What is a stereotactic biopsy?
A stereotactic biopsy is a common procedure that lets a neurosurgeon diagnose a brain lesion (or abnormality). Usually, a patient has gone to the doctor with symptoms that required images of the brain. These images may have shown lesions of uncertain causes. In order to recommend treatment, a doctor may need a brain biopsy to get a specimen that a pathologist can review for an official diagnosis.
What happens during a stereotactic biopsy?
Here are the details of the test:
- The procedure takes place in the operating room. Before it starts, a frame is often placed around the patient's head. This involves numbing the skin and securing the frame with four pins
- Imaging (a CT scan or MRI) is obtained
- Once the location of the target lesion is determined (usually through coordinates), the patient receives light sedation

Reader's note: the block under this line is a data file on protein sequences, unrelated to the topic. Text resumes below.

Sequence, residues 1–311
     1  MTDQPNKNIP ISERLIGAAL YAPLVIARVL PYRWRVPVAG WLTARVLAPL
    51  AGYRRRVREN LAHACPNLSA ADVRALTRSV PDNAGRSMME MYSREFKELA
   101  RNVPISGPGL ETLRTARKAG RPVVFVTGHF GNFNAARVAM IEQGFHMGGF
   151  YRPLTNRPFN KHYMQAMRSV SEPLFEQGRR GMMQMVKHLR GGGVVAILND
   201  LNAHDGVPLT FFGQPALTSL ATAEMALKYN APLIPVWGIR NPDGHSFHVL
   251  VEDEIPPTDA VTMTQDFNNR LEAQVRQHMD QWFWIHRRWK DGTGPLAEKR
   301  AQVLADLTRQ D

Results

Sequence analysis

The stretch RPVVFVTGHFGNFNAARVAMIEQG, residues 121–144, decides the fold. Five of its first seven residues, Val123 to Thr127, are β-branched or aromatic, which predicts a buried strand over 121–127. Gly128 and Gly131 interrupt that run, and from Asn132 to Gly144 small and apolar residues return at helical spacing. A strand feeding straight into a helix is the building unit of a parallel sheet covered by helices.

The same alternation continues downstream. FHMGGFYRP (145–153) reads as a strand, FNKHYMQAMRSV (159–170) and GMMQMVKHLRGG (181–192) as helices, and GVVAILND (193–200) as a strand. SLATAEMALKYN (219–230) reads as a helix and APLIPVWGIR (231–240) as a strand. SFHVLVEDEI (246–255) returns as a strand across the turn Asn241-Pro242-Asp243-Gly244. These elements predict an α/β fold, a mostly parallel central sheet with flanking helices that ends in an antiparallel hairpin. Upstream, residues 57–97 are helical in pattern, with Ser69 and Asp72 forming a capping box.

- During the 30- to 60-minute procedure, a small incision (less than one-inch long) is made in the scalp, and a small hole (no larger than a nickel) is drilled into the skull
- A thin and hollow needle or catheter, is inserted into the brain and directed into the lesion
- A syringe is used to pull a small sample into the hollow needle so that it can be removed safely and sent to the pathologist
Often, the neurosurgeon will ask the pathologist to look at the specimen at the time of the procedure to confirm whether enough tissue was obtained for making a diagnosis.
Find a board-certified neurosurgeon for stereotactic biopsy
To find a skilled neurosurgeon near you, visit our Neurosurgery page or access our online physician directory.